In light of the recent headlines surrounding misuse of data and consumer privacy concerns, consumers are more suspicious than ever of any sort of advertising that they perceive is leveraging their personal data for targeting purposes.
In fact, a recent study by ExpressVPN revealed that 71% of US consumers worry about how brands and tech companies collect and use their user data. As a result, poorly targeted advertising can tarnish and dilute brand images. So, what can advertisers and marketers do to solve this dilemma? The solution might lie in being more conscious of consumer perceptions.
Interestingly, as much as we’re currently experiencing a public push for greater data-tracking transparency, the reality might be that consumers actually don’t value the transparency that much.
Researchers from Harvard Business School, the University of Virginia’s Darden School of Business, and IESE (the graduate business school of the University of Navarra, Spain) have shown in their paper “Why Am I Seeing This Ad? The Effect of Ad Transparency on Ad Effectiveness” that consumers are reluctant to engage with ads that they know have been offered to them because of their online activity, etc.
Realizing how third-party data has been used to target us makes us feel intruded upon. Consumers know they’re being marketed to, and it makes them instantly suspicious and wary. By the basic principles of the Social Exchange Theory, people weigh the benefits vs. the costs when deciding if it’s worth it for them to interact with a person, company or service. The misuse of data and overt advertising leveraging that data drive people’s perception of the risk up. This makes viewers less likely to engage with an ad and more likely to have a lesser opinion of your brand. But, as people become more and more comfortable interacting with their devices with their voice, a conversational approach might be the best way to mitigate this issue.
In an entertainment setting, user trust and brand safety can remain intact by combining the power of voice search and sponsored discovery. By using their voice to search for new content to watch, consumers are actively asking the system for what they want as opposed to being fed potentially non-relevant recommendations.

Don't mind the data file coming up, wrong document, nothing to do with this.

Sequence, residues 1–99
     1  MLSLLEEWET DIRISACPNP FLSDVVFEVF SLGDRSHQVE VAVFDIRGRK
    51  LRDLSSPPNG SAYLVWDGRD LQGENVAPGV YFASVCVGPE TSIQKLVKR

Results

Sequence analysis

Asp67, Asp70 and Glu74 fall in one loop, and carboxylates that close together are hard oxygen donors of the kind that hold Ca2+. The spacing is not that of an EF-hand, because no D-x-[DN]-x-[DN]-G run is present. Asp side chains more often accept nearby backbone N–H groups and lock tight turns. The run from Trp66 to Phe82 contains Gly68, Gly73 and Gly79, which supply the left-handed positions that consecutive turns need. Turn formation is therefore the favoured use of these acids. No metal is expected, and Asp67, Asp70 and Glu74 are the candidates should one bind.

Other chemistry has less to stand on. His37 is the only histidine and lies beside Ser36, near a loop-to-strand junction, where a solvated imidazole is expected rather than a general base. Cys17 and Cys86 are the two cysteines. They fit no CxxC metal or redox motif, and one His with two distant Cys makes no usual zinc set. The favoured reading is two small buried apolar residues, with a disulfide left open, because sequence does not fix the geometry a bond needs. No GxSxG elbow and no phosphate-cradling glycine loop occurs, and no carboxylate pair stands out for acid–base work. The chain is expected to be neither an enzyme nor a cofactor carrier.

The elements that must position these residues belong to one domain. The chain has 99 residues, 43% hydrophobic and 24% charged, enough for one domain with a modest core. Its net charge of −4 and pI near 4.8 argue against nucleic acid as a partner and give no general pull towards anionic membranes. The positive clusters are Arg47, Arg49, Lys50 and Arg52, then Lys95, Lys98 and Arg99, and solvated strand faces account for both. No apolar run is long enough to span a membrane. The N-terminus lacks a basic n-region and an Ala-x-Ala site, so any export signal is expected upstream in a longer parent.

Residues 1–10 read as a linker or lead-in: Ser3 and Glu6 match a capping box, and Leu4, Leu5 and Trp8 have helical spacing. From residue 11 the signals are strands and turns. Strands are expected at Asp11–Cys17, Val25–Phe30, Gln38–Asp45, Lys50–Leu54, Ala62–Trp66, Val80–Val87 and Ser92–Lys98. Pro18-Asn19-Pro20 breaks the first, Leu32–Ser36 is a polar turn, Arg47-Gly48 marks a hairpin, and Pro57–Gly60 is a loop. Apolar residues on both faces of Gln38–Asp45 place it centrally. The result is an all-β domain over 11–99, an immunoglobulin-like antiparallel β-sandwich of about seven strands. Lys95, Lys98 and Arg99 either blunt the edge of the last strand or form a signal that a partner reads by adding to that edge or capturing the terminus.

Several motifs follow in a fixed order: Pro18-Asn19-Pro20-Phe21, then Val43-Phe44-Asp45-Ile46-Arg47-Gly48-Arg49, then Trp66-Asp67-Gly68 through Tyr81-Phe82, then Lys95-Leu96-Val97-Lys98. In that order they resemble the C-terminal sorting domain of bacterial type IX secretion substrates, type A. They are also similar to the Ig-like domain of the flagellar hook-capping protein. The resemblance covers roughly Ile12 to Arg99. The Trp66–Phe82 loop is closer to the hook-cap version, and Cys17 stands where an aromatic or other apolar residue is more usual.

Consequently, even if the system then leverages the user’s viewership history, third-party online activity, or even voice tone and sentiment, to provide a hyper-targeted, sponsored content recommendation, the conversational aspect of this interaction doesn’t make the user feel like they’re being marketed to. In what is more of a natural way to communicate, you ask for something and then get an informed recommendation in the moment, just like you would from a friend that knows you very well. If done correctly, it doesn’t feel intrusive – It just feels like you’re getting exactly what you’re looking for.
Voice recognition technology – especially the kind that can handle advanced, natural language interactions -- offers content providers and marketers the unparalleled opportunity to target consumers with pinpoint accuracy while preserving user trust and brand safety.
Mis-targeted ads (or even well-targeted ads, but that are delivered at the wrong time) are violating user trust, making it obvious for consumers that they’re being marketed to. Voice has the power to help brands and advertisers regain consumer trust by allowing marketers to target their desired audiences without them perceiving the effort as marketing. Done correctly, it’s not even marketing – it’s a heads up from a trusted friend. Hence, no violation of trust. The timely and subtle aspects of voice-powered content search can help bridge the consumer trust gap.
It is now time for marketers to engage with consumers in the most natural way of all: conversation.
Jon Heim is director of product management-conversation services at TiVo